TUESDAY, Jan. 19, 2015 (HealthDay News) — As frigid temperatures send much of the northern half of the United States into a deep freeze, doctors say people need to take steps to avoid dangerous drops in body temperature, or hypothermia.
"It is important to take measures to stay warm, paying special attention to the head and scalp [as well as the nose, neck and ears], which are often exposed to the cold air and at risk for heat loss in cold temperatures," Dr. Robert Glatter, an emergency physician at Lenox Hill Hospital in New York City, said in a hospital news release.
"In the cold weather, it's important to keep your head, face and nose covered, but most importantly dress in layers to prevent heat loss," he added. Glatter also advised wearing "sturdy, insulated boots with thick wool socks which keep your feet and toes warm in the cold temperatures—especially while shoveling snow."
It only takes 15 or 20 minutes in below-freezing temperatures to develop hypothermia if you are not wearing proper layering, are in wet clothing, or have exposed skin. Drinking alcohol also deadens your sensitivity to cold and can raise the risk of hypothermia, Glatter noted.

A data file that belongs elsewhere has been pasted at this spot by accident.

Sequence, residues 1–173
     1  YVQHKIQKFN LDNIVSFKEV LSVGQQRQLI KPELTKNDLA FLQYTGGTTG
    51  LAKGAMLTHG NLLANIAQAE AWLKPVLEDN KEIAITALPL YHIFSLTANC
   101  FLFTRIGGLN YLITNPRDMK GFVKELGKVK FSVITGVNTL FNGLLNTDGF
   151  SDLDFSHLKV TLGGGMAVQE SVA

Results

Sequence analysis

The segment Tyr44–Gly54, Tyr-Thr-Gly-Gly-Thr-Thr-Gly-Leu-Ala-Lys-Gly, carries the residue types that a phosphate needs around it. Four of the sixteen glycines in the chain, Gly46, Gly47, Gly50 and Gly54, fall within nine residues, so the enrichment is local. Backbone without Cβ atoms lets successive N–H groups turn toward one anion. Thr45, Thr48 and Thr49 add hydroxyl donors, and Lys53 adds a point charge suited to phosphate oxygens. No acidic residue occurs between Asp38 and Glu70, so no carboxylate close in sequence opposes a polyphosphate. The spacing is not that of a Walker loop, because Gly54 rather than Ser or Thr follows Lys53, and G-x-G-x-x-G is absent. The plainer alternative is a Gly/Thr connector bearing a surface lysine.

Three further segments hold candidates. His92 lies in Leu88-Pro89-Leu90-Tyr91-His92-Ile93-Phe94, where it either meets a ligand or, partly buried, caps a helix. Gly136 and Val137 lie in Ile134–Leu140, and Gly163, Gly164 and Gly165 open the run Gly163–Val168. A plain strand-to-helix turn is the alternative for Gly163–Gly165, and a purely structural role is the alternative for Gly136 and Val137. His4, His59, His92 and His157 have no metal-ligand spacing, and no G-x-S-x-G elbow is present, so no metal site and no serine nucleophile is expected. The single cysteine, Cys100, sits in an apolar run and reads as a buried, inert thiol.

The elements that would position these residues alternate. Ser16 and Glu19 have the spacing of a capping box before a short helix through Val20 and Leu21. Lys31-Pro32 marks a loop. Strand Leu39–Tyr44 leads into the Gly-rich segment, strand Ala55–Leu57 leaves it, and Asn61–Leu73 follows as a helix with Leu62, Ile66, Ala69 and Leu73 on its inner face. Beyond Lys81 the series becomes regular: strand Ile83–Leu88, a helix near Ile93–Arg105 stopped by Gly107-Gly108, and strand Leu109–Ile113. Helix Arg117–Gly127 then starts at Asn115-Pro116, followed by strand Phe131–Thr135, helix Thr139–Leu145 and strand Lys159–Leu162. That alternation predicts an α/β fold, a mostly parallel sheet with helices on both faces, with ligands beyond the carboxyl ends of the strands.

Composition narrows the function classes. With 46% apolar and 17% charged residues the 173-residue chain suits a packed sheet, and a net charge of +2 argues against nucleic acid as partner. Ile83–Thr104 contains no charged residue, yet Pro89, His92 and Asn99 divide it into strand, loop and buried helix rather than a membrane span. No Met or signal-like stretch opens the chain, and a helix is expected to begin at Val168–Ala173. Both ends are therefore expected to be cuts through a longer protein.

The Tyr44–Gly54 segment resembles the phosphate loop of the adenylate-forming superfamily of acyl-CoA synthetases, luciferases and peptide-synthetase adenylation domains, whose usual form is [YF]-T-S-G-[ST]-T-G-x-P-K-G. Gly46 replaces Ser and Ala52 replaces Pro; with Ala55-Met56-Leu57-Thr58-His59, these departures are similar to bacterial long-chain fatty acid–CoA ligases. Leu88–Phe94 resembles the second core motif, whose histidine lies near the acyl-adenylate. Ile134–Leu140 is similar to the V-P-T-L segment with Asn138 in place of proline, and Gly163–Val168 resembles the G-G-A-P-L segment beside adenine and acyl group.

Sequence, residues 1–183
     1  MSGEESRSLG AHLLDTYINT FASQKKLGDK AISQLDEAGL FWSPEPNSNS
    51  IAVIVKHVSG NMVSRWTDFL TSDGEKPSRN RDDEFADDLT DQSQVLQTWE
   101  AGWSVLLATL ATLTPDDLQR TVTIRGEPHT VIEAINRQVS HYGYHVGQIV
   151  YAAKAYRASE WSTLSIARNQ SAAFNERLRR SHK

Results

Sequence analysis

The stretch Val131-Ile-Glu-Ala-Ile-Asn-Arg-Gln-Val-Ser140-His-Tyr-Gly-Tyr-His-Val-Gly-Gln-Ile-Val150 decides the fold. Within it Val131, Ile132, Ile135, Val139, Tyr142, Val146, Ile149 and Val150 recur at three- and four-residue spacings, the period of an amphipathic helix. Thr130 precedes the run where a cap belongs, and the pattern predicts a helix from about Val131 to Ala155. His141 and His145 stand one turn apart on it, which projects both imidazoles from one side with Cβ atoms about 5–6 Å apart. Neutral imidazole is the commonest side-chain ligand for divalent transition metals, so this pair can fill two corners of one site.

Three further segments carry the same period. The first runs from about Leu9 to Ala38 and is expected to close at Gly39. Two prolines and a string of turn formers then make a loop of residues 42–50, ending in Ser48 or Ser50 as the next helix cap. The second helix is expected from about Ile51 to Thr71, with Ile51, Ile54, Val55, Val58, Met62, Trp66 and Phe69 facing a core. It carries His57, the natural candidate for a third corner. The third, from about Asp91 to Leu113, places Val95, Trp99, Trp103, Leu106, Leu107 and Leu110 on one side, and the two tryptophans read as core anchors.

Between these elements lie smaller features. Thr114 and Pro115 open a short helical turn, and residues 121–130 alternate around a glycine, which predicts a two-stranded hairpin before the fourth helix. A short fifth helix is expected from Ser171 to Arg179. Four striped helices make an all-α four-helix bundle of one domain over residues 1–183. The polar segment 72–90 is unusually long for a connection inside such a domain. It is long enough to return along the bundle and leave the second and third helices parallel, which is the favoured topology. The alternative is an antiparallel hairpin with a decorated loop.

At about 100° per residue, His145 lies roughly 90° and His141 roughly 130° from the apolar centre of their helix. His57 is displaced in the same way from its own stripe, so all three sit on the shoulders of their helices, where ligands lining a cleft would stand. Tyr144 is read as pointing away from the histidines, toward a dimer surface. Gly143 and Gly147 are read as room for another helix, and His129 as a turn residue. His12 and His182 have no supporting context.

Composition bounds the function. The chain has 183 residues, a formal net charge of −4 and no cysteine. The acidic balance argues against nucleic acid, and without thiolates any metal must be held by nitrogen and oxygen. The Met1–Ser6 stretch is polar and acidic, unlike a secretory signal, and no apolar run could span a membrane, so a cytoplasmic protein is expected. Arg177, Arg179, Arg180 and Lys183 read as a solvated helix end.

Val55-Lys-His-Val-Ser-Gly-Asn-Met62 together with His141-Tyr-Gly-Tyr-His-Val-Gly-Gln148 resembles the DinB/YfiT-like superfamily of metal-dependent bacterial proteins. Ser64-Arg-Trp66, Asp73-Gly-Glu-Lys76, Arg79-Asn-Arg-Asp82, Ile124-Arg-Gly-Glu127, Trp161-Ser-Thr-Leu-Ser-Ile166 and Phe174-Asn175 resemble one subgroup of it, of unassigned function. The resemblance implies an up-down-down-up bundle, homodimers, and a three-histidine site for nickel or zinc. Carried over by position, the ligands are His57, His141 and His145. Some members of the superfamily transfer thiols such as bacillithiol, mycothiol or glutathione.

Seniors and young children are at greatest risk for hypothermia. Shivering, confusion, and dizziness are among the symptoms of the condition, which can lead to heart failure and death, especially in people with heart disease, diabetes, and high blood pressure, Glatter said.
"It is critical to call 911 and remove the person from the outdoors if you suspect hypothermia is developing. Removing wet clothing and covering a person with warm blankets is essential," he said.
Glatter also warned that the combination of cold weather and shoveling can significantly increase heart attack risk, especially in people with chronic health conditions such as high blood pressure or diabetes, and those with a history of heart disease and stroke.
"It's quite important to take frequent breaks while shoveling, but also to keep yourself well-hydrated, both before and after shoveling. If you develop chest pain, difficulty breathing, dizziness, [or] arm or back pain while shoveling, stop and call 911," Glatter said.
"I recommend using a smaller snow shovel or consider using a snow blower if you have to remove snow. Lifting heavy snow can potentially raise your blood pressure sharply as you lift. It's safer to lift smaller amounts more frequently—or if you can't lift it, just push the snow," he suggested.
The U.S. Centers for Disease Control and Prevention has more about winter health and safety.